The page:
Radiographic equipment

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This is a page devoted to the basic equipment used for radiographic work, both medical and industrial.

Photon sources[edit]

An magnetic resonance imaging machine is one of the most popular radiology equipment

There are many types of sources for high energy X-ray and gamma photons.[1]

X-ray sources[edit]

X-ray generators are made of a high voltage power supply that is applied on a usually sealed X-ray tube. This produces the emission of electrons from the cathode of the tube and the emission of X-rays when these hit a target located at the anode side.

In industrial radiography, energy goes from 20 to several hundreds of kV according to the application. In medical radiography voltage from 20 kV in mammography up to 150 kV for chest radiography are used for diagnostic. Energy can go up to 250 kV for radiotherapy applications.

Radioisotope sources[edit]

These have the advantage that they do not need a supply of electrical power to function, but they have the disadvantage that they can not be turned off. Also it is difficult, using radioactivity, to create a small and compact source that offers the photon flux possible with a normal sealed X-ray tube. One of the leading makers of radiographic equipment is the Source Production & Equipment Co., Inc.[2]

It might be possible to use Cs-137 as a photon source for radiography but this isotope has the disadvantage that it is always diluted with inactive caesium isotopes. This means that it is difficult to get a physically small source, a large radioactive volume of the source will make it impossible to get the finest detail from a radiographic examination.

Both cobalt-60 and caesium-137 have only a few gamma energies, which makes them close to monochromatic. The photon energy of cobalt-60 is higher than that of caesium-137, which allows cobalt sources to be used to examine thicker sections of metals than those that could be examined with Cs-137. Iridium-192 has a lower photon energy than cobalt-60 and its gamma spectrum is complex (many lines of very different energies), but this can be an advantage as this can give better contrast for the final photographs.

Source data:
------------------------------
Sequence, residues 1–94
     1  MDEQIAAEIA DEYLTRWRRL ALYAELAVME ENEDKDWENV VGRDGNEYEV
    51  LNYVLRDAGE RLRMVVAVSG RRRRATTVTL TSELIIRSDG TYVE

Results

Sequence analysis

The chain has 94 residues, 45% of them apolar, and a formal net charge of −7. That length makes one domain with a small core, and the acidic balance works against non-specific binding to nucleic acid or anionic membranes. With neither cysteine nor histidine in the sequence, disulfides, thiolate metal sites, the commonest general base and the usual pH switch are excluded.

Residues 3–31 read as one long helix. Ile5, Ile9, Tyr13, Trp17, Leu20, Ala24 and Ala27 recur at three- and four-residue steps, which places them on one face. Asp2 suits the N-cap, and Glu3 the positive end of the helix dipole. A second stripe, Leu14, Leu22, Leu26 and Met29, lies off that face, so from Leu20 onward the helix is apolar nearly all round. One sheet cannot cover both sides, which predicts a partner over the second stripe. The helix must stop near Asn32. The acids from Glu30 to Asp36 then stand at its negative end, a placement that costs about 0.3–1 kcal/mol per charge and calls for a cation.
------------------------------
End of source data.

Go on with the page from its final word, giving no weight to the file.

It has been known for many years that an inactive iridium or cobalt metal object can be machined to size. In the case of cobalt it is common to alloy it with nickel to improve the mechanical properties. In the case of iridium a thin wire or rod could be used. These precursor materials can then be placed within stainless steel containers, which are leak tested before being converted into radioactive sources. These objects can be processed by neutron activation to form gamma emitting radioisotopes. The stainless steel has only a small ability to be activated and the small activity due to 55Fe and 63Ni are unlikely to pose a problem in the final application because these isotopes are beta emitters, which have very weak gamma emission. The 59Fe that might form has a short half-life, so by allowing a cobalt source to stand for a year much of this isotope decays away.